AAA Foundation Study Shows 19-24 Year-Olds Worst Behaved Drivers in US

Driving simulator at Greenwich High School. File photo 2016

Driving simulator at Greenwich High School. File photo 2016

According to the latest report from the AAA Foundation for Traffic Safety, the 19-24 age group has the dubious honor of being the worst behaved drivers in the US.

According to the study, among Millenials, 88 percent have engaged in at least one risky behavior – texting while driving, red-light running, and speeding – while behind the wheel within the past month.

What’s troubling is the findings come as US traffic deaths rose to 35,092 in 2015, a 7% increase. This is the largest increase in five decades.

And what makes this so risky for this age group, is they believe their dangerous driving behavior is acceptable, said Dr. David Yang, AAA Foundation’s executive director.

“It’s critical these young drivers understand the potentially deadly consequences of engaging in these types of behaviors,” Dr Yang added. “It’s also imperative they change their attitudes to reverse the growing number of fatalities on US roads.”

Here’s a breakdown by age group and ranking of the percentage of drivers, who reported speeding, red-light running or texting behind the wheel in the past 30 days:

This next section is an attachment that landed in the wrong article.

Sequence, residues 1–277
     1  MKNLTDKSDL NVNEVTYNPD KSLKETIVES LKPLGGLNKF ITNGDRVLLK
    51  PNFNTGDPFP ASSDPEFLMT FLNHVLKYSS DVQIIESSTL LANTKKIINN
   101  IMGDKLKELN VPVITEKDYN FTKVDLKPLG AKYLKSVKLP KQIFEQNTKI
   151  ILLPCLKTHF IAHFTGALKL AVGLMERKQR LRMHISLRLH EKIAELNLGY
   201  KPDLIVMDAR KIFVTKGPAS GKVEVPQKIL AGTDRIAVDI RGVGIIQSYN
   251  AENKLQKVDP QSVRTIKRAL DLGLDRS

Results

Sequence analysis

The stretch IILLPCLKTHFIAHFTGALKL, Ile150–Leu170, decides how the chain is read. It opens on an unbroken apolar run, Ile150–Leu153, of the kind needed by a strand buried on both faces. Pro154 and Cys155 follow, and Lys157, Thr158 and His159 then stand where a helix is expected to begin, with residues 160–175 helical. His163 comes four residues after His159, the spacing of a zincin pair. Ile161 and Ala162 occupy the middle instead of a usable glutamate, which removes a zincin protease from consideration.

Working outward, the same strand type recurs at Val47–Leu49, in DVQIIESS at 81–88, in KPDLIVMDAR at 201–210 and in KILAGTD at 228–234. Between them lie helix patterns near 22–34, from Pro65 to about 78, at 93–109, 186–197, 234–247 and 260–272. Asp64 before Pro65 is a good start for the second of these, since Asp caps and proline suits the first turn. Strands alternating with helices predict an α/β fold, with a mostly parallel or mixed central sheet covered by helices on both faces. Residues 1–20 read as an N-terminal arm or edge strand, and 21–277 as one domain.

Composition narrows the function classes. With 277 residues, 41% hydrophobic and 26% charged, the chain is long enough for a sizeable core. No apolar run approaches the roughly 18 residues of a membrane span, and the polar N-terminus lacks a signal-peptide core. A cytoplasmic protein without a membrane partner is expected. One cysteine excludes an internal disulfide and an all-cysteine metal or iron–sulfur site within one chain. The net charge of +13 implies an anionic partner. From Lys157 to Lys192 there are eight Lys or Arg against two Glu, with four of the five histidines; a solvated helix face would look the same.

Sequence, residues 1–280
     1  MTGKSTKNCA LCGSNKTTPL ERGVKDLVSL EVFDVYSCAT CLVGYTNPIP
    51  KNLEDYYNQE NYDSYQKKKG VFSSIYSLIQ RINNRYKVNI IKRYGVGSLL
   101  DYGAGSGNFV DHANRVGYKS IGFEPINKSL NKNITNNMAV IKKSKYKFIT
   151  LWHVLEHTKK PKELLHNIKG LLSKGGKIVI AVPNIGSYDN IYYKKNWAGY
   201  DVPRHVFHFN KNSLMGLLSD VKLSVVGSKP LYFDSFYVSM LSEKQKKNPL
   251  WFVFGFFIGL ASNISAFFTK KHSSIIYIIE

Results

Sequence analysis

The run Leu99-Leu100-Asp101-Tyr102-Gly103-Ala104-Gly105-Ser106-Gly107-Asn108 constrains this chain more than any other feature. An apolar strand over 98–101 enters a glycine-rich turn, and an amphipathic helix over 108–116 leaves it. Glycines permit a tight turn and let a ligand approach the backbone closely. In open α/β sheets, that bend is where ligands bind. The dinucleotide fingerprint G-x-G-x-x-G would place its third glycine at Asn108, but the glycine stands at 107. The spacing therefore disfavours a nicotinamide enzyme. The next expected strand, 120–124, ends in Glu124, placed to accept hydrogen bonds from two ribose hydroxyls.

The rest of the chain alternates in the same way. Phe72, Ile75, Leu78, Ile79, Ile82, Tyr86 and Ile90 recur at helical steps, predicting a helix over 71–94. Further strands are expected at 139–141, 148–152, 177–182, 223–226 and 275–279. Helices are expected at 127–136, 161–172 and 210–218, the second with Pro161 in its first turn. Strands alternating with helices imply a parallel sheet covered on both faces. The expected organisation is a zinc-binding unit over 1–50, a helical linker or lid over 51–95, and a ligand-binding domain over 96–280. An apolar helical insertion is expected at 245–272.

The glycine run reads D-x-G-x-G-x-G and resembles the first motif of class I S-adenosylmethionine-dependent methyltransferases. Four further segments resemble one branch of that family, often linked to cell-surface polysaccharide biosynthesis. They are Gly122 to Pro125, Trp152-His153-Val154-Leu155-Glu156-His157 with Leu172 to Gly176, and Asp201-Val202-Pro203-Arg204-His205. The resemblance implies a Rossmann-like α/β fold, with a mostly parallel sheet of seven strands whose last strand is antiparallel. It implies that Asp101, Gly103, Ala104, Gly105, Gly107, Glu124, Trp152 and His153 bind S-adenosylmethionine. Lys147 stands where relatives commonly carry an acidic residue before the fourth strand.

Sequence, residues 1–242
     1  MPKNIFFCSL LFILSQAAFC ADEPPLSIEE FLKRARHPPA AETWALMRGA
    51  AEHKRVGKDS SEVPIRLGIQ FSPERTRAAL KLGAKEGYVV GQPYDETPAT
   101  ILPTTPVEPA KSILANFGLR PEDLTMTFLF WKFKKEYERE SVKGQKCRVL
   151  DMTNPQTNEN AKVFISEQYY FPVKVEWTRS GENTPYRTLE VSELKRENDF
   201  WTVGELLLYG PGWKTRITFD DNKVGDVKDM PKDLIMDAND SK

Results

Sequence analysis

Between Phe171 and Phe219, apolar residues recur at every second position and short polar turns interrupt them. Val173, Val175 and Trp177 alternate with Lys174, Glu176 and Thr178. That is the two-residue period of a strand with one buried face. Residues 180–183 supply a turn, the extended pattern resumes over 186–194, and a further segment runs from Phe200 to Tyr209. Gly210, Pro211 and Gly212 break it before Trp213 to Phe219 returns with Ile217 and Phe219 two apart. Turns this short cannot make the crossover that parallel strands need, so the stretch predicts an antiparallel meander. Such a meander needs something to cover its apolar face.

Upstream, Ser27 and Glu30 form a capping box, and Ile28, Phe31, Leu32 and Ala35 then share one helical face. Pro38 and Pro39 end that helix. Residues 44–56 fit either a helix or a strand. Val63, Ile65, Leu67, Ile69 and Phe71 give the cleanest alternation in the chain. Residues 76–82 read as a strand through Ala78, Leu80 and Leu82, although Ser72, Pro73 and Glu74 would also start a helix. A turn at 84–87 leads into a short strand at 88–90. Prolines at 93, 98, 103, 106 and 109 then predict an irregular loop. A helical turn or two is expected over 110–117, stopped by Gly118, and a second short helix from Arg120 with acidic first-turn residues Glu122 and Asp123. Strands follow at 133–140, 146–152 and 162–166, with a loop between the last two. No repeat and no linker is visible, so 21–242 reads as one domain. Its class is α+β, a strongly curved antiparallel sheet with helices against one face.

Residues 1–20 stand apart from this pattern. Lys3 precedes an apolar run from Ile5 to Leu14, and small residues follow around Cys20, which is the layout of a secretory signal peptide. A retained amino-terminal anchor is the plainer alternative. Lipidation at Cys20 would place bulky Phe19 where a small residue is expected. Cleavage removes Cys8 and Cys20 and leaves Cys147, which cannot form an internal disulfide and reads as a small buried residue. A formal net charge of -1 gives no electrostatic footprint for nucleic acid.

Some other notable study findings:

  • Compared to their older counterparts, drivers between 19 and 24 are nearly 2 times more likely to report having read a text message or email while driving and nearly twice as likely to write or send a text or email while driving. (66%   vs. 40%).
  • Young millennials were nearly 1.4 times more likely to drive over the speed limit by 10 mph on a residential street, while 12% felt this was acceptable to do in a school zone. If you compare this to all other age groups combined, less than 5% adopted this type of behavior.
  • For Millennials, a yellow caution light means “speed up.” Nearly 50% said they drove through a light that just turned red, compared to 36% of all other age groups. Nearly 14% also felt this was acceptable driving behavior even if they could have stopped safely compared to about 6% of all other drivers.

The survey results are part of the AAA Foundation’s annual Traffic Safety Culture Index, which identifies attitudes and behaviors related to traffic safety.  The full report can be found at www.aaafoundation.org.

The AAA Foundation is the educational and research arm of AAA. Its mission is to prevent crashes and save lives through research and education about traffic safety. It has founded more than 300 research projects designed to discover the causes of traffic crashes, prevent them and minimize injuries when they do occur.

AAA Northeast is a not-for-profit auto club with 61 offices in Rhode Island, Massachusetts, Connecticut, New Jersey, New Hampshire and New York, providing more than 2 million local AAA members with travel, insurance, finance, and auto-related services.

Jeff Pandolfino, owner of Green & Tonic happened to be driving down Greenwich Ave slowly and carefully when police were looking to make an example of him. He got a ticket for doing the right thing at the busy crosswalk. File photo 2015 


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